Even the best-laid plans can be upended by an unexpected crisis. If you find yourself struggling financially, here are a few things you can do to help ease your burden until things get better.

First, carefully examine your expenses and reprioritize your spending. Cut out everything but the essentials — things like mortgage or rent, food, utilities, and insurance. Pay the minimum on outstanding credit or loan balances. If you’re unable to pay a bill, contact your creditors right away. They may be willing to negotiate a payment schedule or waive late fees. I’d suggest trying to do this yourself before signing up for a debt management or consolidation scheme. Some of these programs may overpromise and under-deliver and force you to incur additional costs.

Finally, even if it’s possible to borrow from your 401(k) or take a distribution from your IRA, I’d consider this a last resort. While present circumstances may be difficult, I’d counsel anyone to avoid jeopardizing their future retirement unless absolutely necessary. You may not appreciate the full costs until much later.

Prepare now

There is no time like the present to get started. You can start small, but be consistent.  With focus and determination, you can protect yourself from an unexpected financial emergency. It only makes good sense because financial emergencies can happen to anyone — even to you.

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About LRPC’s Monday Morning Minute

Lawton Retirement Plan Consultants, LLC (LRPC) Monday Morning Minute is crafted to provide decision-makers with important information about the economy, investments and corporate retirement plans in a format that allows a reader to consume the information in less than 60 seconds. As an independent, objective investment adviser, LRPC has access to many sources of research and shares the best and most relevant information with its readers each week.

About Lawton Retirement Plan Consultants, LLC

Lawton Retirement Plan Consultants, LLC (LRPC) is a Milwaukee, Wisconsin-based independent, objective Registered Investment Adviser (RIA) providing investment advisory, fiduciary compliance, employee education, provider management and plan design services to employer retirement plan sponsors. The firm specializes in Socially Responsible Investment (SRI) strategies for retirement plans and is a pioneer in the field. LRPC currently has contracts in place to provide consulting services on nearly a half billion dollars in plan assets. For more information, please contact Robert C. Lawton at (414) 828-4015 or bob@lawtonrpc.com or visit the firm’s website at https://www.lawtonrpc.com. Lawton Retirement Plan Consultants, LLC is a Wisconsin Registered Investment Adviser.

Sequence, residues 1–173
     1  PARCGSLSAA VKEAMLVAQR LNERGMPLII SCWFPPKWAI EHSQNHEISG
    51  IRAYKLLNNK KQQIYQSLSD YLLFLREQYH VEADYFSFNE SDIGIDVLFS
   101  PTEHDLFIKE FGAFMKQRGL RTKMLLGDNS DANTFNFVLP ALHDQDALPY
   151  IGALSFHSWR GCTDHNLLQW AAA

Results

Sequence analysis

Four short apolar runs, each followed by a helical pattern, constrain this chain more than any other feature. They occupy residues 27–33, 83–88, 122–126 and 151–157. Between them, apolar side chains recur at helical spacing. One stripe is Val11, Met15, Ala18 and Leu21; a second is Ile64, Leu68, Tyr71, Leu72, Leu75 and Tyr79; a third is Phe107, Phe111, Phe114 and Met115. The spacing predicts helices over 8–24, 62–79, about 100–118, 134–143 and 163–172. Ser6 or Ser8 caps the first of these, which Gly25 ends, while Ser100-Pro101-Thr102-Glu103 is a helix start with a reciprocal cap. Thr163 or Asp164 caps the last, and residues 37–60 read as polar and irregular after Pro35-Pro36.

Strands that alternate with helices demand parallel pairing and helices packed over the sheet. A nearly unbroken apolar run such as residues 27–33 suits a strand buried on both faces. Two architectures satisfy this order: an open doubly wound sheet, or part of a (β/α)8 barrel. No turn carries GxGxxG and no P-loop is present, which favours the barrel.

Important Disclosures

This information was developed as a general guide to educate plan sponsors and is not intended as authoritative guidance, tax, legal or investment advice. Each plan has unique requirements and you should consult your attorney or tax adviser for guidance on your specific situation. In no way does Lawton Retirement Plan Consultants, LLC assure that, by using the information provided, a plan sponsor will be in compliance with ERISA regulations. Investors should carefully consider investment objectives, risks, charges, and expenses. The statements in this publication are the opinions and beliefs of the commentator expressed when the commentary was made and are not intended to represent that person’s opinions and beliefs at any other time. The commentary does not necessarily reflect the opinion of Lawton Retirement Plan Consultants, LLC and should not be construed as recommendations or investment advice. Lawton Retirement Plan Consultants, LLC offers no tax, legal or accounting advice and any advice contained herein is not specific to any individual, entity or retirement plan, but rather general in nature and, therefore, should not be relied upon for specific investment situations. Lawton Retirement Plan Consultants, LLC is a Wisconsin Registered Investment Adviser and accepts clients outside of Wisconsin based upon applicable state registration regulations and the “de minimus” exception.